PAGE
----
The (secret) agreement between the Greek CDC and Teleperformance
It is now public knowledge that in early March, the Greek Government agreed to outsource to Teleperformance the Covid-19 helpline that had, until then, been administered by EODY, Greece’s version of the Centers for Disease Control and Prevention.
Teleperformance agreed to set up and support the helpline for free. The agreement and the cooperation was kept secret until journalists started asking questions, and only then did Teleperformance announce it publicly (51 days after its launch). As for EODY, it still remains mute.
Teleperformance told Investigate Europe that the staff assigned to support the state Covid-19 helpline were ‘paid’. But internal communications seen by Investigate Europe show that, at least in the beginning, the company asked its employees to be helpline ‘volunteers.’
Before it was revealed that Teleperformance was in full charge of the Covid-19 helpline, there were numerous allegations by Greek citizens that the agents in the helpline were untrained and provided false and dangerous guidance. EODY told Investigate Europe that all staff employed in the Covid-19 helpline had received training by its own doctors. Asked by Investigate Europe, both EODY and Teleperformance did not provide any evidence about this training.
Internal communications seen by Investigate Europe show that, at least in the beginning, the company asked its employees to be helpline ‘volunteers.’
The real culprit: The multinationals behind the multinational
In April, the following headline appeared in the Financial Times: Amazon contractors enduring ‘subhuman’ conditions in Philippines. The FT’s focus was on Amazon’s responsibility although the Philippines workers were employed by Teleperformance. While Amazon said it was urgently investigating the allegations, another Teleperformance client, Australian telecoms firm Telstra, accepted part responsibility for its outsourced work and sent a letter to Teleperformance saying that if Teleperformance was “unable to meet the requirements of Telstra’s Supplier Code of Conduct”, Telstra would “require to terminate the services rather than put people’s safety at risk”.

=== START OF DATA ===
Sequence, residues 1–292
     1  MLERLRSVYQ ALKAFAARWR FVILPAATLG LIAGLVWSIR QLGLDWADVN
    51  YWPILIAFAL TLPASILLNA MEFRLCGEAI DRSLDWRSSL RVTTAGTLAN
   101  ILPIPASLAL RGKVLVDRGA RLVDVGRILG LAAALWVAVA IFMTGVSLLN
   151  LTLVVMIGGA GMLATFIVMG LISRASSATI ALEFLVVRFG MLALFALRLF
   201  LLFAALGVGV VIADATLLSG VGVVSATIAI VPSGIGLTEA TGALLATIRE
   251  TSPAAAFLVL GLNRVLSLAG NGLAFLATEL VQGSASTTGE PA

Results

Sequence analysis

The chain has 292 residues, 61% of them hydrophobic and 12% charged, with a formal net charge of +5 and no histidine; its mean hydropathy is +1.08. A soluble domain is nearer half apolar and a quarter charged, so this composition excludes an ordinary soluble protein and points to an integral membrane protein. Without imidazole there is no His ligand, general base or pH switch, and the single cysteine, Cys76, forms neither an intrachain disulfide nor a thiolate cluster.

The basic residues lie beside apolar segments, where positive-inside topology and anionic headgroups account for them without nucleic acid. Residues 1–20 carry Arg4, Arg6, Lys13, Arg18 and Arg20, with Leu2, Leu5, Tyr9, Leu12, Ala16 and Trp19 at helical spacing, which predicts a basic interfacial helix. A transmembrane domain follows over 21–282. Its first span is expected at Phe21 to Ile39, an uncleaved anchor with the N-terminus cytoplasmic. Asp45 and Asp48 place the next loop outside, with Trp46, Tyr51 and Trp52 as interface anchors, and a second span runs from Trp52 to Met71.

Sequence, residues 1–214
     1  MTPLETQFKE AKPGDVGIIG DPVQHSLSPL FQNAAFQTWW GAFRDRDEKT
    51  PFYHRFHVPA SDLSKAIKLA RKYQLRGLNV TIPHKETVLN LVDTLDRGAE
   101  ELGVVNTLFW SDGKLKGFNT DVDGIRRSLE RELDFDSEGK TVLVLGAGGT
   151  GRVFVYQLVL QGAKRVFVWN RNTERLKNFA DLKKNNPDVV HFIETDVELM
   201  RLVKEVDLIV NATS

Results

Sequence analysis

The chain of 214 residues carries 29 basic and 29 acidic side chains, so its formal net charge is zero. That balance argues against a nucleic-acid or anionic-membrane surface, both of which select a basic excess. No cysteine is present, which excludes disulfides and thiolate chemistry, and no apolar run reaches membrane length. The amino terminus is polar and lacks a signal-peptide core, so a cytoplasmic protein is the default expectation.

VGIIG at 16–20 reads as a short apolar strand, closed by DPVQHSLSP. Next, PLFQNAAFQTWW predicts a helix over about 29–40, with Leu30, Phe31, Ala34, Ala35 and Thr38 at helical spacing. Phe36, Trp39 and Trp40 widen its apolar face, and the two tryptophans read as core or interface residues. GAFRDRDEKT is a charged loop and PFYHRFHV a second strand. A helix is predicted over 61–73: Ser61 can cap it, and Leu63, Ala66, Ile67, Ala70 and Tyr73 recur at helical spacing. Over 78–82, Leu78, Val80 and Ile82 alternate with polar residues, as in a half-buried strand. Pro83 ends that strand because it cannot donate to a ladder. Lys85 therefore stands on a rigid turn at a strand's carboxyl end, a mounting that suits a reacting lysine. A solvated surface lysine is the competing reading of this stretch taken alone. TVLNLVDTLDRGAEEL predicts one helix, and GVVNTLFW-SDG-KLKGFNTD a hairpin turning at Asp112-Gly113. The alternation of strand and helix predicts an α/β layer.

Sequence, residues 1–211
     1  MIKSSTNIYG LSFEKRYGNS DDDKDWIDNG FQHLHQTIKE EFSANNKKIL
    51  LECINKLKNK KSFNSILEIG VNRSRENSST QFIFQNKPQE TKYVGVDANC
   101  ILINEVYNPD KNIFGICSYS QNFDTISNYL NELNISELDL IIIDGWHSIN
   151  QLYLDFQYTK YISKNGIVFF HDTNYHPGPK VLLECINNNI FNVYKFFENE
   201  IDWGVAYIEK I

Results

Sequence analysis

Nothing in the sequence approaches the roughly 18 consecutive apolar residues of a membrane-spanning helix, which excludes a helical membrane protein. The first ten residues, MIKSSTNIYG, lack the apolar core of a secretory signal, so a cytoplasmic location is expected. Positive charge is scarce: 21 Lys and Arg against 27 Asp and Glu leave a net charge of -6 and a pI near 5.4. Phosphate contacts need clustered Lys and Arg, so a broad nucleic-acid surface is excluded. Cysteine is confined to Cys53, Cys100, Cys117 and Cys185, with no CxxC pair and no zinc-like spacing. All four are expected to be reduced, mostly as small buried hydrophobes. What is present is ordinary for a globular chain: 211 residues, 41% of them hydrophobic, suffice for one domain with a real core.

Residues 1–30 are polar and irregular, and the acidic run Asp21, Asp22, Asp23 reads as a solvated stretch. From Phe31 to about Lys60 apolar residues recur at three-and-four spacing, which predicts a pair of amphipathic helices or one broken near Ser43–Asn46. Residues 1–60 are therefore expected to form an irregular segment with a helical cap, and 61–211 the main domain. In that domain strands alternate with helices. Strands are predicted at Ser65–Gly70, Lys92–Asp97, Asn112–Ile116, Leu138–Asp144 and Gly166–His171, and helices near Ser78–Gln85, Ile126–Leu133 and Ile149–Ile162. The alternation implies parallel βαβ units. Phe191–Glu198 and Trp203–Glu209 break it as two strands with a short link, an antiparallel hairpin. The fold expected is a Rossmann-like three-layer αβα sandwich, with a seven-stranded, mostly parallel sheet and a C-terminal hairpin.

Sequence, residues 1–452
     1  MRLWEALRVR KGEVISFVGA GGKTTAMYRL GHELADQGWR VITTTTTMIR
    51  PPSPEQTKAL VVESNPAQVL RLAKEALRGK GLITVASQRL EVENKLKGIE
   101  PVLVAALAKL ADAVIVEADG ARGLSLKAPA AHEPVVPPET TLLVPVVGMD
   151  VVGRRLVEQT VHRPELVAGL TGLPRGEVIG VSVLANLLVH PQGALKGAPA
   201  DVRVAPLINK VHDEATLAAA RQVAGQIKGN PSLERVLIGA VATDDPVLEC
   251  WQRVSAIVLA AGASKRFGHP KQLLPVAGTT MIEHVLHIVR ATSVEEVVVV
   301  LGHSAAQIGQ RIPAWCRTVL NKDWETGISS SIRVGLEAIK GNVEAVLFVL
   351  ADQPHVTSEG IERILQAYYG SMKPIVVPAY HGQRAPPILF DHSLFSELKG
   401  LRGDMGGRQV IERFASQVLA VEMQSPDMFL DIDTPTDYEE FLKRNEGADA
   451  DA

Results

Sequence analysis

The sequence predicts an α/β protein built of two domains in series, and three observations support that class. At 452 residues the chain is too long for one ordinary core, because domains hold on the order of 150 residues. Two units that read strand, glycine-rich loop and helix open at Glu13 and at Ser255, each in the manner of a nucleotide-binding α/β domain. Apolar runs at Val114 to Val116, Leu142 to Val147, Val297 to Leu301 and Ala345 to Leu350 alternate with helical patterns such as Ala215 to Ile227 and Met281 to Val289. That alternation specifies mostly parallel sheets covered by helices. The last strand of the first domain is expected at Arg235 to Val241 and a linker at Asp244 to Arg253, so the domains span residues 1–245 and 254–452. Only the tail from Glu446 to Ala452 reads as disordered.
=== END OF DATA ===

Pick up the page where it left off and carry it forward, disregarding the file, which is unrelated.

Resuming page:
While conditions in Greece and other European countries were far better, the chain of client, contractor, employee remains the same. The client outsources its contact centre work to Teleperformance customer services. Teleperformance calls each client’s department a ‘project’ run by a supervisor. Each employee works on only one project and receives special training. Most importantly, labour contracts signed by Teleperformance employees, and seen by Investigate Europe, mention by name the client this employee is providing services to.
This means that the allegations against Teleperformance – for example, that they delayed the work-from-home transition – may have been the result of pressure from their clients. This is confirmed by the Portuguese CEO but also from workers that talked to Investigate Europe. Veronica*, a non-Greek employee, says that “some of the projects allowed work at home faster than others. I think this was due not just to Teleperformance but to the client.”
For example, the infamous email sent from a supervisor to employees informing them that webcams should remain active during their shifts was sent from a supervisor at the project of a US company. What is not clear is whether the US firm was in the know, or if it was their idea in the first place to use webcams to monitor employees. Teleperformance declined to answer any questions regarding their clients. So who are these clients? Teleperformance refused to disclose their client list in Greece but Investigate Europe was able to reconstruct it based on two separate but credible sources. Investigate Europe will send questions to each of the identified clients:
- Did they play a role in Teleperformance’s decisions concerning their subcontracted project during the pandemic, as Teleperformance Portugal CEO’s stated?
- Were they aware of the labour conditions inside their subcontracted project?
* Names of employees have been changed for reasons of anonymity.